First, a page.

Well, if nothing else, it’s a start. On Monday, the House of Representatives passed a bill to trim approximately $71 billion from the $80 billion that had been allocated to the Internal Revenue Service. The Hill reported that the vote was split along party lines and passed 221-210. One could argue that the victory is a symbolic one since it will likely be DOA in the Senate. It is, however, a win for Kevin McCarthy and sends a message to voters that the GOP-controlled house is, for the moment, trying to fulfill the promises it made during the 2022 election. Whether the intent was to actually try to rein in congressional spending or just give that impression remains to be seen, given the quixotic nature of the effort.

It is noteworthy that unlike the other pieces of legislation, such as the omnibus spending bill passed last year, this bill is slightly over one page in length. Called the “Family and Small Business Taxpayer Protection Act,” it directs any “unobligated balances of amounts appropriated or otherwise made available” to the agency to be rescinded.

Republicans have maintained that the $80 billion that was previously allocated would be used to hire new enforcement agents, while the agency claims that the money would be used for computer customer service representatives, and to replace employees who will be departing the agency via retirement or resignation. Republicans also fear that the bill would fund increased enforcement for people in the middle and lower class, but IRS Commissioner Charles Rettig said that there would be increased scrutiny of large corporations and households making over $400,000 annually.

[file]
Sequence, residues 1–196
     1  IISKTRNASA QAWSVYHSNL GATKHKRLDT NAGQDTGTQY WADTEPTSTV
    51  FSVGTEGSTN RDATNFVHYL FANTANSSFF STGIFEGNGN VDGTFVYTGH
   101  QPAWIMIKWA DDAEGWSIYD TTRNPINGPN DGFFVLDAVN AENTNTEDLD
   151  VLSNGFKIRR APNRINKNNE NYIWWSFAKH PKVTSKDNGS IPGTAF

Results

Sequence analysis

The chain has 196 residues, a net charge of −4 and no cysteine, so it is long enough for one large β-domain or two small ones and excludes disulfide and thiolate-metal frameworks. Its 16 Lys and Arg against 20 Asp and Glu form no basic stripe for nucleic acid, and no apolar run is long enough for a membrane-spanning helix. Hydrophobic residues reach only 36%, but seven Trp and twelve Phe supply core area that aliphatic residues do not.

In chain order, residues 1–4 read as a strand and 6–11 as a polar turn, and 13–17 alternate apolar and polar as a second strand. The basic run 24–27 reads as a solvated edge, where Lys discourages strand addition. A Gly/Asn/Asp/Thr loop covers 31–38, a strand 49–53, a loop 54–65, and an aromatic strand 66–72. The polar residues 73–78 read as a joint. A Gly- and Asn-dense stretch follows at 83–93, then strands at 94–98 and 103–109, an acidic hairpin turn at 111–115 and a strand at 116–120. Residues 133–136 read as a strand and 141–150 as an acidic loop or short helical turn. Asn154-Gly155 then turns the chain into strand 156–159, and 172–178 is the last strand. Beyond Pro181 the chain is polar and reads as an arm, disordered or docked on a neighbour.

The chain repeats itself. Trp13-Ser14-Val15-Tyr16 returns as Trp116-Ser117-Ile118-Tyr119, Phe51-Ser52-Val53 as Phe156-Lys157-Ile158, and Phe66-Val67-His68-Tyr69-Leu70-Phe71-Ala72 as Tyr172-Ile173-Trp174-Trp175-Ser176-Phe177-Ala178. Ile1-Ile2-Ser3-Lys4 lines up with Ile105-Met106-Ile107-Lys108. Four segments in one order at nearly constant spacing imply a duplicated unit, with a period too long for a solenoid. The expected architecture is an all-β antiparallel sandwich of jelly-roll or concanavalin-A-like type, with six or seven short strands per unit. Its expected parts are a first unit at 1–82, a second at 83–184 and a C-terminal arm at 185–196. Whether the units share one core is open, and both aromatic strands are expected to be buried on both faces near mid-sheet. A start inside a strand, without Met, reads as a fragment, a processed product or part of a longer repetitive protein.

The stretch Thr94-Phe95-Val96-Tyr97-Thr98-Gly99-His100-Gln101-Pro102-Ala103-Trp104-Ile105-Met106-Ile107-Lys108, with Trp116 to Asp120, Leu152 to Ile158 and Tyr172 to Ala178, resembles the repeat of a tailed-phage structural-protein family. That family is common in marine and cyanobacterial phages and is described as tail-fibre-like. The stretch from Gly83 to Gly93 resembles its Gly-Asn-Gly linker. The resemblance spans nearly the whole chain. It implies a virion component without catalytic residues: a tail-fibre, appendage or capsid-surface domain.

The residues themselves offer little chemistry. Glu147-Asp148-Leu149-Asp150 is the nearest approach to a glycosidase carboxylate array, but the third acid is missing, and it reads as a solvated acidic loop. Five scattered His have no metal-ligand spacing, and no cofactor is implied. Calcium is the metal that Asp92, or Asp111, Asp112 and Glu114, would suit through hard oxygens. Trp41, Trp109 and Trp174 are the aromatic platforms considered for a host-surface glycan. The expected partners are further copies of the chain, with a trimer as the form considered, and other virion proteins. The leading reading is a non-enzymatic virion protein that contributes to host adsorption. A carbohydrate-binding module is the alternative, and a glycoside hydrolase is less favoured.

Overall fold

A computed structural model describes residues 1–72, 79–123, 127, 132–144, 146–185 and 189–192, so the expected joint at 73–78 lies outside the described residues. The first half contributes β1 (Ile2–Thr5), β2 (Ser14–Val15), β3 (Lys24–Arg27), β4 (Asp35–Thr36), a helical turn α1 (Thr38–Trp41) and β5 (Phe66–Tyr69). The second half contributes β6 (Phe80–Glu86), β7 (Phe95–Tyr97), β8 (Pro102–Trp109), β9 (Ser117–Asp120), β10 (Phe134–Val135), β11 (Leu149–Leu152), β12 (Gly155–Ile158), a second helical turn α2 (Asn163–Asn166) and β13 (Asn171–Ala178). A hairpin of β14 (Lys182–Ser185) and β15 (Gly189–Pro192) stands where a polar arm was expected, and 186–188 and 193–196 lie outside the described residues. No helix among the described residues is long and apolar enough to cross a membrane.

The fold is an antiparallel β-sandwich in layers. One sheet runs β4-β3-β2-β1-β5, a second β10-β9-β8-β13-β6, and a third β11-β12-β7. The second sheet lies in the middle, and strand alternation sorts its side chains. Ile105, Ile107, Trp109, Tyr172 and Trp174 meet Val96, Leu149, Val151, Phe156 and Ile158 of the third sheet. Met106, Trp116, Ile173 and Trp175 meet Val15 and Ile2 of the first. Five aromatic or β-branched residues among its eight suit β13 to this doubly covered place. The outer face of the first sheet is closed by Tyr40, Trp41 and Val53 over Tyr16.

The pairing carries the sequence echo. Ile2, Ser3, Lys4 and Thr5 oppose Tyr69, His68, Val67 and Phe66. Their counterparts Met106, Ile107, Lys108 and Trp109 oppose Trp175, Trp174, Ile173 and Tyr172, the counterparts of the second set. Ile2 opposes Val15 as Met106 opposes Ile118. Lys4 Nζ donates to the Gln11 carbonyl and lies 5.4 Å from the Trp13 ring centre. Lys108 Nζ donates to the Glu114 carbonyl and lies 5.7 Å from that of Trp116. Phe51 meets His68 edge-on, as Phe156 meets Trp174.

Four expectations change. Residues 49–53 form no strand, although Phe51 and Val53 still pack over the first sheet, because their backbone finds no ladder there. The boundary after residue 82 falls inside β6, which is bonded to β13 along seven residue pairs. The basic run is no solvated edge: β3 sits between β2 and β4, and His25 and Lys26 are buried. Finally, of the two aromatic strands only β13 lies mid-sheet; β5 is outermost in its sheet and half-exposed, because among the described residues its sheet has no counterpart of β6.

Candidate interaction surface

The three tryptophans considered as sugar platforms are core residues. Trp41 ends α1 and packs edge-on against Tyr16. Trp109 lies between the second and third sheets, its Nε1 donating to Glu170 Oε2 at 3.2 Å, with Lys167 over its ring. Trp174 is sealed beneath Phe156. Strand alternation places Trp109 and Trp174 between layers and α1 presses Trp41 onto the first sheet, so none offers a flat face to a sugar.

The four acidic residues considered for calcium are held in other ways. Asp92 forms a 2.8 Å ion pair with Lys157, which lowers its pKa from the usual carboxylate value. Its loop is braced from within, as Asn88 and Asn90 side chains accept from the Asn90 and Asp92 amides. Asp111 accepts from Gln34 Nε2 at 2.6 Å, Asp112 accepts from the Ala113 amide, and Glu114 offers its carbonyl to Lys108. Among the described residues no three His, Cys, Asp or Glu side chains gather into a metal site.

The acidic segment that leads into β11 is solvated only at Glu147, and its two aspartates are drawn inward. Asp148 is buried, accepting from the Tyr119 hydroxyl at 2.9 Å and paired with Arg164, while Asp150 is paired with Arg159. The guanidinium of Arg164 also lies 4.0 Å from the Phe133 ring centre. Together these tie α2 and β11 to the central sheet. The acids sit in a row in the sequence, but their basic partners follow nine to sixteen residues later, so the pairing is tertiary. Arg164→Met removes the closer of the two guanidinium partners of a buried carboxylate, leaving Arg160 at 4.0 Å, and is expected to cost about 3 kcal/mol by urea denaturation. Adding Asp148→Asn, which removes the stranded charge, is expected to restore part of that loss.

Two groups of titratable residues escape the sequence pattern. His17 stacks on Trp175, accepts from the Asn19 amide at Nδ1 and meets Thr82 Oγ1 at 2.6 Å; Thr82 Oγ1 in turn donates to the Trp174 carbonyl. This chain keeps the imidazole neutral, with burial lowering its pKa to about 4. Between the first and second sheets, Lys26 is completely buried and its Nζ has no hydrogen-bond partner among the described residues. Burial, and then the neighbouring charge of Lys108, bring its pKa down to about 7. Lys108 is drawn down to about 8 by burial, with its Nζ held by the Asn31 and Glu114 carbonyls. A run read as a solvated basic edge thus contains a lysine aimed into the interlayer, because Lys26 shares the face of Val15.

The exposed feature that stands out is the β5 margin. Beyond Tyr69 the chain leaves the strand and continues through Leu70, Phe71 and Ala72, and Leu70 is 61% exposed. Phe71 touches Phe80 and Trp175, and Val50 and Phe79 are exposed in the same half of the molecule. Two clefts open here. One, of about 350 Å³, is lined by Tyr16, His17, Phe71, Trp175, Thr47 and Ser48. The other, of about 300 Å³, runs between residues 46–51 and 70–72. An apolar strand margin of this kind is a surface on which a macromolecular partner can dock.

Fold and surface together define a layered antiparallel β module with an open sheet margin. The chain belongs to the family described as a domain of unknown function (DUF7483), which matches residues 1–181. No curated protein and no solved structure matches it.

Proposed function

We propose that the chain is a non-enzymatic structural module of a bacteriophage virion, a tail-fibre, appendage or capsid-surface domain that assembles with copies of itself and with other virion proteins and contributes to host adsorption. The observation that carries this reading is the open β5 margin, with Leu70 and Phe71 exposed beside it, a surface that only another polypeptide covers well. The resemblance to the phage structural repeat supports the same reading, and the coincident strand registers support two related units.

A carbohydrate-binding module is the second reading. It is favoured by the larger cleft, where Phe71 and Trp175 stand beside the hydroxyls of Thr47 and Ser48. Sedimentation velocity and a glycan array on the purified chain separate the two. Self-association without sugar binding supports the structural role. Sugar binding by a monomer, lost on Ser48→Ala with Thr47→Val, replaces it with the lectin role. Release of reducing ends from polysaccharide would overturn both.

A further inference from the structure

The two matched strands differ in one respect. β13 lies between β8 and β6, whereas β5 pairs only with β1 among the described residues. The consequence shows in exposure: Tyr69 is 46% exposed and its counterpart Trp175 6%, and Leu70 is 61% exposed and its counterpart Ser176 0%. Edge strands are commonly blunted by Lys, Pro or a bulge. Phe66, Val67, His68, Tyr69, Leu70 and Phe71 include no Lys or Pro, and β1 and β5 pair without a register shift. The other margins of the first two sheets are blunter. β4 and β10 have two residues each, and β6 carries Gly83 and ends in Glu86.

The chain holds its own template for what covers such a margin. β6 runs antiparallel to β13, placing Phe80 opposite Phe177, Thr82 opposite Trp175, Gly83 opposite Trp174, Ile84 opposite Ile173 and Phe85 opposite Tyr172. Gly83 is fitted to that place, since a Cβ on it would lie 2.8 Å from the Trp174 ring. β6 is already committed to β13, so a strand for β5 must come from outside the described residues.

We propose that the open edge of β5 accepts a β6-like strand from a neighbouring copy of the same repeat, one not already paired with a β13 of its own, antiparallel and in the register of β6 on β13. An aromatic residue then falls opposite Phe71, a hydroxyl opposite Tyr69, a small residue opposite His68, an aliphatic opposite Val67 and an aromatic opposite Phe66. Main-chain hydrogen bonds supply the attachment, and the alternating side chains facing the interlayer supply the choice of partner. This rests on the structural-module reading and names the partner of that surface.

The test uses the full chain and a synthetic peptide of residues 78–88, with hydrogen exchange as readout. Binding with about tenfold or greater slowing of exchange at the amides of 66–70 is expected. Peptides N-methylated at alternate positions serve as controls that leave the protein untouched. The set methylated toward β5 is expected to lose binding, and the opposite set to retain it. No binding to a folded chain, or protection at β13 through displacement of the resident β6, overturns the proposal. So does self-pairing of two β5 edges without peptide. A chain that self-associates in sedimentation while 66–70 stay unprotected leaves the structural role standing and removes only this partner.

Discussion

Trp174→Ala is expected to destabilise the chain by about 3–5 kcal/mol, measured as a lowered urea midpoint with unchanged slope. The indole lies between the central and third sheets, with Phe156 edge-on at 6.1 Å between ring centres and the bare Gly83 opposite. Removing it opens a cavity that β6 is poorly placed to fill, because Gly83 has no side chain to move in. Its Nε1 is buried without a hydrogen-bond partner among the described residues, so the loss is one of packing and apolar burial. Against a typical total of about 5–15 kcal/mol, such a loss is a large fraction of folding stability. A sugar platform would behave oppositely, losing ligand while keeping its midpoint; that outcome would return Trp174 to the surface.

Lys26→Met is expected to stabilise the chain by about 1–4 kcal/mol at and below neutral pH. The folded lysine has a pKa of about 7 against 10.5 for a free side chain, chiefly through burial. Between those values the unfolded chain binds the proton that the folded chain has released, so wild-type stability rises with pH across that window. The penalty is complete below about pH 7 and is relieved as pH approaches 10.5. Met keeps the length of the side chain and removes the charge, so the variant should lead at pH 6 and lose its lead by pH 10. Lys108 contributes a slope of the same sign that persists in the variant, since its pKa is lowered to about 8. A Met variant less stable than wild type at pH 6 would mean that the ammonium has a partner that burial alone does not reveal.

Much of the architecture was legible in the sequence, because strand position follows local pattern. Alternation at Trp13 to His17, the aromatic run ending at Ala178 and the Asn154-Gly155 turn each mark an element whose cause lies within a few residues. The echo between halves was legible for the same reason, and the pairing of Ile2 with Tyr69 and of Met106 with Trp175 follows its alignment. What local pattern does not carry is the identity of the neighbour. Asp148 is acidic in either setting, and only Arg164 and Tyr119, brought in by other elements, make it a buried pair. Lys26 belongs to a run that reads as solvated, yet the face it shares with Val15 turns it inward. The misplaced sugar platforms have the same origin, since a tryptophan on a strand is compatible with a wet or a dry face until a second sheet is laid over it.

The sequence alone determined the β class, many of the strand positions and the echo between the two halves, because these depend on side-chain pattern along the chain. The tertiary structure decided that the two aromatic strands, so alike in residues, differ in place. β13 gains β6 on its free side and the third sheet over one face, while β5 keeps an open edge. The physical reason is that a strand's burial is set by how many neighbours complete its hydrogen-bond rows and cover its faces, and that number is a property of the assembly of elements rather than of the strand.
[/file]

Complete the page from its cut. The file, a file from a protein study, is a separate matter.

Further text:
The reactions were predictable and textbook. The White House accused the GOP of trying to make life easier for the rich while creating tougher circumstances for ordinary taxpayers. The Hill also quoted Massachusetts Democrat Richard Neal, who is the ranking member of the Ways and Means Committee. Neal said that such a move would boost the deficit in the coming years and would relieve the wealthy of their tax obligations. As to the deficit, Neal was referencing a CBO estimate that the $71-billion spending cut would result in a loss of $186 billion over ten years. The report said that the move would ultimately result in adding $114.4 billion to the deficit, according to the Washington Examiner.

The Democrats’ reaction to the House vote might have had some gravitas had the nation not experienced the weaponization of the IRS against groups targeted by the Obama administration under Lois Lerner. And it might be even more believable had the last incarnation of Congress not passed a $1.7 trillion spending bill that was flown to St. Croix for the president’s signature. Among the various pork projects that are slated to receive a cash infusion is the “Michelle Obama Trail – PATH Trail Project” in Georgia. That will run taxpayers $3.6 million. Unfortunately, $3.6 million is barely a drop in the spending bucket. Projects like that will enhance the lives of, well, somebody, somewhere, I guess. But with a party that is not afraid to bounce checks like superballs and max out the national credit card, the Democrats see no reason why they can’t have their trail and a giant IRS, too.

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